San Francisco, CA (May 13, 2013) Research published in the Proceedings of the National Academy of Sciences shows that conserving rainforests in the Amazon River Basin will increase the amount of electricity that hydropower projects in the area can produce. The study is the first to quantify the impact of regional rainforest cover on energy production. Its findings reveal that rainforests are more critical than previously thought in generating the rainfall that drives river flow, and ultimately power production, in tropical areas. The research shows that if deforestation continues to increase in the Amazon, energy projections for one of the world's largest dams, the Belo Monte in Brazil, decline by one third.
"Our study shows that the huge strides Brazil has made in slowing Amazon deforestation are actually helping secure the nation's energy supply," says Claudia Stickler, the study's lead author and scientist at the Amazon Environmental Research Institute International Program (IPAM-IP). "But these efforts must continue hand-in-hand with conservation at the regional level."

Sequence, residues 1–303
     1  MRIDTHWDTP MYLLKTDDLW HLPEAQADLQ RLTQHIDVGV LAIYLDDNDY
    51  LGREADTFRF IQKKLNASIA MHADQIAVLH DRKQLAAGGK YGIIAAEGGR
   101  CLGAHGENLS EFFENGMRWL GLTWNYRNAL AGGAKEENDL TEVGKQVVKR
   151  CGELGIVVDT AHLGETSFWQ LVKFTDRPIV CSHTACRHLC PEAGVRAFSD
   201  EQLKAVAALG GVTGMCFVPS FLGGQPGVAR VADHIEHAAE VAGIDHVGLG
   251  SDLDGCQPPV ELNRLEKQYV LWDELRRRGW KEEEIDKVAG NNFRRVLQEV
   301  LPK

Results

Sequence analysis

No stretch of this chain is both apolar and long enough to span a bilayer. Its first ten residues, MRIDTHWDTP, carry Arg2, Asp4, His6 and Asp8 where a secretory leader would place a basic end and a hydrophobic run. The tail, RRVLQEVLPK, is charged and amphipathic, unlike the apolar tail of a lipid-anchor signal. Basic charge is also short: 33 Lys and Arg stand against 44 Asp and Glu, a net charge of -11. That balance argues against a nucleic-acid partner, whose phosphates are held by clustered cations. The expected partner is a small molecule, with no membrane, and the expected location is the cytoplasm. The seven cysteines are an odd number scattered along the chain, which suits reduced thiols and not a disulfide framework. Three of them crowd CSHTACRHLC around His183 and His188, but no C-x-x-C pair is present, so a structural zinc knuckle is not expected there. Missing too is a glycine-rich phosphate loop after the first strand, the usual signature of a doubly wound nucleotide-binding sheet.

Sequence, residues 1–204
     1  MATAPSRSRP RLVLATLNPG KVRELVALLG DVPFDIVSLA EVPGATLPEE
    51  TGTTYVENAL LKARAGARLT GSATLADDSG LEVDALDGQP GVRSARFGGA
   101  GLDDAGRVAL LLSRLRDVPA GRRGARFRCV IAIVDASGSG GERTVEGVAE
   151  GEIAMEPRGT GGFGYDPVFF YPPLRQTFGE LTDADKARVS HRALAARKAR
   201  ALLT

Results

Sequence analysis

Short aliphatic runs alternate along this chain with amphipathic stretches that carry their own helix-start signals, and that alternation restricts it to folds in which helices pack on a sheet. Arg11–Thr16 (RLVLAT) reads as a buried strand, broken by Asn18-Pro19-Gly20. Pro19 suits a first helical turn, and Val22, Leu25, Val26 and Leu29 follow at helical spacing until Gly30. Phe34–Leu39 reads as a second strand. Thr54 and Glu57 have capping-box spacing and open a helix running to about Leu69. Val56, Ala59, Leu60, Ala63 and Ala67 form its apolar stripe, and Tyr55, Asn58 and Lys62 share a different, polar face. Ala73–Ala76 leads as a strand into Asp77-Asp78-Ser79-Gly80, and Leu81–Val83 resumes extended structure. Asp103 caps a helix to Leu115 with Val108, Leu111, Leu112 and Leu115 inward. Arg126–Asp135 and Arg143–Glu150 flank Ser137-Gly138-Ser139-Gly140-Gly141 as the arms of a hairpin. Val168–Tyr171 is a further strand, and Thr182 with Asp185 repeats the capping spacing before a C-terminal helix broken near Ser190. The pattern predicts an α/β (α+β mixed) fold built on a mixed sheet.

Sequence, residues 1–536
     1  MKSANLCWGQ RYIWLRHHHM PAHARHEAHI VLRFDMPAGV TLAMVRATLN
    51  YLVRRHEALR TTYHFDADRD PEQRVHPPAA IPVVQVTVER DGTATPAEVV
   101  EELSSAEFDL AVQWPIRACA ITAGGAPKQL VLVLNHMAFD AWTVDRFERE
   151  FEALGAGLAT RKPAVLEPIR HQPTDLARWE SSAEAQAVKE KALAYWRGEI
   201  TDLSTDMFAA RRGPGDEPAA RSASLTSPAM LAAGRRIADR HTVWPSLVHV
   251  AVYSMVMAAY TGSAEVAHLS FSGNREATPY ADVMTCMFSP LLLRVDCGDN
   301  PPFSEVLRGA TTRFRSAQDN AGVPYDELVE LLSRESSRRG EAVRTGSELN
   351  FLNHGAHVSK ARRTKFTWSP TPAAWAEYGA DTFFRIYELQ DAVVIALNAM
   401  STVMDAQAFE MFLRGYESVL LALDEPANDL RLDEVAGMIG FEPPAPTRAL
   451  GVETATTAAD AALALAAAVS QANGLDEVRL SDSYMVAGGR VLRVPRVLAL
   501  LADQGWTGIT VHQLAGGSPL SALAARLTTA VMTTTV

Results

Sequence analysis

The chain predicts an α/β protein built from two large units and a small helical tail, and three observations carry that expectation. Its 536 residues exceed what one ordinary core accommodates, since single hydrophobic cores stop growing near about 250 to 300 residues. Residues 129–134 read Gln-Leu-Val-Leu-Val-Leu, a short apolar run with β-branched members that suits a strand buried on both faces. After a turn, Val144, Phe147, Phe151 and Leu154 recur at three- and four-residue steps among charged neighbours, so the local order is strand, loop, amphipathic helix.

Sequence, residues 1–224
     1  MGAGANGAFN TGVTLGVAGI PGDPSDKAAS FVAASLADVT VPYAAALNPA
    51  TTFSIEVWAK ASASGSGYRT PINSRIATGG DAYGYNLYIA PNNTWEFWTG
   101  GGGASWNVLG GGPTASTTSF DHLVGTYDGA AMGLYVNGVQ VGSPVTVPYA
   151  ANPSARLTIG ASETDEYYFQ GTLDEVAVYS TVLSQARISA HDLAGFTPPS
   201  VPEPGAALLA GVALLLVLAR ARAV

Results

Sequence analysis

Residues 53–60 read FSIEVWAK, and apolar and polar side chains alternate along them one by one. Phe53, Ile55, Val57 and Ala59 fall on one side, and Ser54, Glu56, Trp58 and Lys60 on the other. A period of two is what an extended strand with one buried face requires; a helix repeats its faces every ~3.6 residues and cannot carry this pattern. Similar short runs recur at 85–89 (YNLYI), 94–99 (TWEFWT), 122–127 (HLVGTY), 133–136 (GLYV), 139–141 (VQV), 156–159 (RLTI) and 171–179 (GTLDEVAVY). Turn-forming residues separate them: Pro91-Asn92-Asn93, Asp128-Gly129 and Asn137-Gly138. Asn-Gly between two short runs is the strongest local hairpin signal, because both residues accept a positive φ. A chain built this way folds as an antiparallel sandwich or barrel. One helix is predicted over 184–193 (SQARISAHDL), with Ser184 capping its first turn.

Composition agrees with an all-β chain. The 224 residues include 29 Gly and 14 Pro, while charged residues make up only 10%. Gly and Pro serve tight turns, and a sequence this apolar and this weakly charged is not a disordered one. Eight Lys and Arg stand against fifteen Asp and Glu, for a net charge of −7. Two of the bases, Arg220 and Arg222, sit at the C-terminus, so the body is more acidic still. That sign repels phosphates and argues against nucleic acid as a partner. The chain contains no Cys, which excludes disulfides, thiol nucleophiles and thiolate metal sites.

The potential loss of generation capacity due to regional deforestation could hinder Brazil's efforts to meet its pending gap in electrical power. Specifically, the study shows that if the deforestation in the Amazon Basin goes unchecked, the energy supplied by Brazil's Belo Monte Dam planned to be the third largest hydropower project in the world will fall 30% below current industry estimates, an amount equivalent to the energy consumption of four million Brazilians.
"These results are extremely important for long-term energy planning," explains climatologist Marcos Costa, one of the study's authors from the Federal University of Viosa in Brazil. "We are investing billions of dollars in hydropower plants around the world. The more rainforests left standing, the more water we'll have in the rivers, and the more electricity we'll be able to get from thes
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